Chiang Mai was originally a kingdom of its own. It has its own language, music, dances, and culture. One place where you can experience the culture of the north of Thailand is at the Old Chiang Mai Cultural Center just south of the city wall. There you’ll get a taste of northern Thai food, called a “Khandok” dinner, with sticky rice, barbecued chicken, northern pork stew and northern sausages. And with the dinner you’ll be entertained with Thai music and dances and the hill tribe cultures. It’s real touristy but a great place to spend an evening. The food is really good and plentiful too.

One thing to note. Northern Thais eat sitting on the floor with a small short table (the “khandok” table) holding the food. If sitting on the floor makes your old bones scream like it does mine, then request a table and chairs. You and your bones will be much happier.

Dancers at the Old Chiang Mai Cultural Center

Dancers at the Old Chiang Mai Cultural Center



I still love Thai outdoor markets. I visit my local one almost daily and usually in the middle of every Thai town is a morning or an evening market. There are also markets that meet on designated days (“talaat not”), similar to farmers markets back home. But the one can’t-miss-market in Chiang Mai is the Sunday evening “Walking Street Market”.

The usually busy streets of the central part of the old city, within the moat, become traffic-free and by early evening the handicrafters, artists, and food vendors set up.  Just about every kind of Thai handicraft, woodcarving, garment, and art work will be there, as well as t-shirts and tourist trinkets and street foods. There are now “walking street” markets all over Asia but the one here was the first of its kind.

It’s best to go there early. We go at 4pm. By about 5:30 the streets will be crowded with market goers. By 7pm tens of thousands jam the streets. Unless you are an avid people-watcher it is a good idea to get out of there before the crowds make market browsing impossible.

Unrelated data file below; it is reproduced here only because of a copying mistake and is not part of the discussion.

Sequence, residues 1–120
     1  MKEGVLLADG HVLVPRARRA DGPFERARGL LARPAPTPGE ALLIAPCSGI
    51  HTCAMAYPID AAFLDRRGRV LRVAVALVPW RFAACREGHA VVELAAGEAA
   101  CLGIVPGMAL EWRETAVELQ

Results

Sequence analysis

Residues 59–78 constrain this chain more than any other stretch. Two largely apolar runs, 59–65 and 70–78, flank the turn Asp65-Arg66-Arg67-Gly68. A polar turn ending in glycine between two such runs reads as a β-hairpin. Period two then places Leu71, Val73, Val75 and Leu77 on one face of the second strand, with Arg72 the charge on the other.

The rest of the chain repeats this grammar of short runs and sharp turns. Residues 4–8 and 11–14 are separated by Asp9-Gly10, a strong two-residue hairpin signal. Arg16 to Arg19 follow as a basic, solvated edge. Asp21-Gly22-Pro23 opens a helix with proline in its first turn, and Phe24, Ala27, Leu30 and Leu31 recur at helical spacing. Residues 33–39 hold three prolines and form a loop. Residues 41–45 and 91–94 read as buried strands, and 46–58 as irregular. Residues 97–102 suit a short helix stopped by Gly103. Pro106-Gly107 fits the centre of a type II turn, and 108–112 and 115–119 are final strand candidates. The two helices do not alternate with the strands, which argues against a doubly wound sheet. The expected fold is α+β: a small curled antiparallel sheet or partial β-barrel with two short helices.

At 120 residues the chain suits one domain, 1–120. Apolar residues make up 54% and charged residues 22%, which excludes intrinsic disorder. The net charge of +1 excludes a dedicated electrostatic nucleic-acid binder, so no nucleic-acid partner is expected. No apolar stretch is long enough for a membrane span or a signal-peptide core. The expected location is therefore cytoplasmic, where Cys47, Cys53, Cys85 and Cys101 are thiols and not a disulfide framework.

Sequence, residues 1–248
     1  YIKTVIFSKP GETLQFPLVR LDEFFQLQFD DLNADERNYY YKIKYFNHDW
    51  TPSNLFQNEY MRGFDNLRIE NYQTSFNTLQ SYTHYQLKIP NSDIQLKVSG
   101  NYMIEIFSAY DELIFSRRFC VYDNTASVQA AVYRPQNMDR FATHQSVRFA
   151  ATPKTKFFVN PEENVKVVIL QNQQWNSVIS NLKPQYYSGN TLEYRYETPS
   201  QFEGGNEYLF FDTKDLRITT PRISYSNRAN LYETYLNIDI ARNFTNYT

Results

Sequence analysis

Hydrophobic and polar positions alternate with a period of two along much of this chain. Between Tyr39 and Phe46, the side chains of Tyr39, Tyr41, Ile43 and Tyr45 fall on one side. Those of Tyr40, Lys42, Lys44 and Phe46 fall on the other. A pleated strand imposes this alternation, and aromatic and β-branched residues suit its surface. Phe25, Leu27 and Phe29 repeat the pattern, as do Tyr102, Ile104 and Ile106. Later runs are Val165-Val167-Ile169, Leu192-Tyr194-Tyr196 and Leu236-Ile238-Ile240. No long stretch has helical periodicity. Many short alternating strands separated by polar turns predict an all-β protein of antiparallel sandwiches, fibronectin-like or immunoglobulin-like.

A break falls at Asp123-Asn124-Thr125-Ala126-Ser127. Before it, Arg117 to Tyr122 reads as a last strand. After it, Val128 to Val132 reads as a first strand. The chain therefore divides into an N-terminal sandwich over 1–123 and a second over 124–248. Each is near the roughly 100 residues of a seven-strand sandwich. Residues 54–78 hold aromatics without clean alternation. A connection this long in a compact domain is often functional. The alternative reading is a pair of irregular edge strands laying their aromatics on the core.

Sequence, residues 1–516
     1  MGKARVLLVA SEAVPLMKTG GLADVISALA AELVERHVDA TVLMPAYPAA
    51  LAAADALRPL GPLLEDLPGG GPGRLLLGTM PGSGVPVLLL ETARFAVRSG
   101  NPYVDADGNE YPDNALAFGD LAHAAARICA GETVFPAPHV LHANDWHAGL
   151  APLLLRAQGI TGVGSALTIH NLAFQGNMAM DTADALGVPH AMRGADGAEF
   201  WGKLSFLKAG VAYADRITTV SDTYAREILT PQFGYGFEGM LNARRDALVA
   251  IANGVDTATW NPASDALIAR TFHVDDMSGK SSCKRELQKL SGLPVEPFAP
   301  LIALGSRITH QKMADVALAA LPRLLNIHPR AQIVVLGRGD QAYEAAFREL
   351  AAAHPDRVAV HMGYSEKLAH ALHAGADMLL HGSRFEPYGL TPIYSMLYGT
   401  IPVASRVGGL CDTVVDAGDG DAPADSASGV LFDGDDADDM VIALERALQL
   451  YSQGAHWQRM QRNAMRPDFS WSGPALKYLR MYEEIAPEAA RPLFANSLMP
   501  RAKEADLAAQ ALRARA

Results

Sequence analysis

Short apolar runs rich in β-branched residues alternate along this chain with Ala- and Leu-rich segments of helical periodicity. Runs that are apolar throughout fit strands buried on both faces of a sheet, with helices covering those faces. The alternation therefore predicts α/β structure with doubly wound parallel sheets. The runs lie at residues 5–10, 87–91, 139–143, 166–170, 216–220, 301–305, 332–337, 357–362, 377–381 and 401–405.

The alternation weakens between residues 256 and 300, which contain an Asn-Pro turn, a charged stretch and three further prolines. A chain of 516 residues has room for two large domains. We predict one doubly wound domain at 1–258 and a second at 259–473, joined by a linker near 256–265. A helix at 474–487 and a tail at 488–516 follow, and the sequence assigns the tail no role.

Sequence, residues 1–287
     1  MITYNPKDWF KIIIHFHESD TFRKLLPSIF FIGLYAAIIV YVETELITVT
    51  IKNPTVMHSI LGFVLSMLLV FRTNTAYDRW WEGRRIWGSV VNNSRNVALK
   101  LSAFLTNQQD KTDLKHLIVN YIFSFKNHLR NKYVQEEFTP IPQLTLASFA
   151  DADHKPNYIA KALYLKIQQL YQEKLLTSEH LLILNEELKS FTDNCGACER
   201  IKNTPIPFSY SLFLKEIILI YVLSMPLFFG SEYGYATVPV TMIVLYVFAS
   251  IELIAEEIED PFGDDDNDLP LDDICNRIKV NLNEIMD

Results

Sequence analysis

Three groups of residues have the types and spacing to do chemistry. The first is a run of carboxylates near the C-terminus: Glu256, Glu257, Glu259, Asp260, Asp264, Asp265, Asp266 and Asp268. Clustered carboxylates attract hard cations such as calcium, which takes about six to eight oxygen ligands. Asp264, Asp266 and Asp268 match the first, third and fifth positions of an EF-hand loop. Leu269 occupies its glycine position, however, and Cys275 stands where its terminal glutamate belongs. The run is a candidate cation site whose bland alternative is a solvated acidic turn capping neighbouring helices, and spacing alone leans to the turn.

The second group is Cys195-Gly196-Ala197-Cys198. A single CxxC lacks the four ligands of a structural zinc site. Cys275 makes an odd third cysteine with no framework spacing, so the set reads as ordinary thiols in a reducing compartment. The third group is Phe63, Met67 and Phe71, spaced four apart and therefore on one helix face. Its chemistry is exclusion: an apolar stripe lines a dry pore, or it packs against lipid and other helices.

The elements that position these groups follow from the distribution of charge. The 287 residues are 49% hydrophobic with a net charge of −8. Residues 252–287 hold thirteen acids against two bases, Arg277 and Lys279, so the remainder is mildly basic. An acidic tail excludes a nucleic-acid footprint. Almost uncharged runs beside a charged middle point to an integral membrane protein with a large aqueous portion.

The Walking Street Market (before it gets crowded).

The Walking Street Market (before it gets crowded).


Thai gardens and flora

John and Denise spent lots of time in our garden. When you leave a cold country in the winter and land in the tropics, just hanging around a Thai garden is as good as visiting any tourist spots. Growing a garden in Thailand is almost opposite to growing one in a cold country. There you need to encourage and nurture and pray that your plants grow. Here, we spend most of our time cutting and pruning and trying to control our plants’ growth. So gardens and parks in Thailand are great places to visit.

Kham Tiang Market:  Gardening is one of the most popular leisure-time activities around the world. Thais love gardening and because of its popularity there are garden centers and flower markets in every town. There is a large market near the river here that has just about every cut flower you could think of. But for gardeners, the Kham Tiang Market is the place to go; a huge garden center where walking through it is as good as a tour through any botanical garden. From flowers, to orchids, to full grown trees, to garden statues and fountains, and Japanese koi fish, you can get anything for your garden.

Flower and plant vendors.

One of the hundreds of flower and plant vendors at the Kham Tiang Market.


Queen Sirikit Botanical Gardens: The Mae Saa Valley, with its elephant shows, and tiger gardens, and orchid farms, and monkey schools, and snake shows, is a big hit with foreign tourists. We drive past all of these and head for the place that most Thai tourists visit. Settled right in the mountains, the Queen Sirikit Botanical Gardens contains beautiful tended gardens as well as a group of green houses containing medicinal plants, carnivorous plants, cacti, a tropical waterfall, and lotuses. The best thing about it for us, everyone over 60 is let in for free. Check out the video.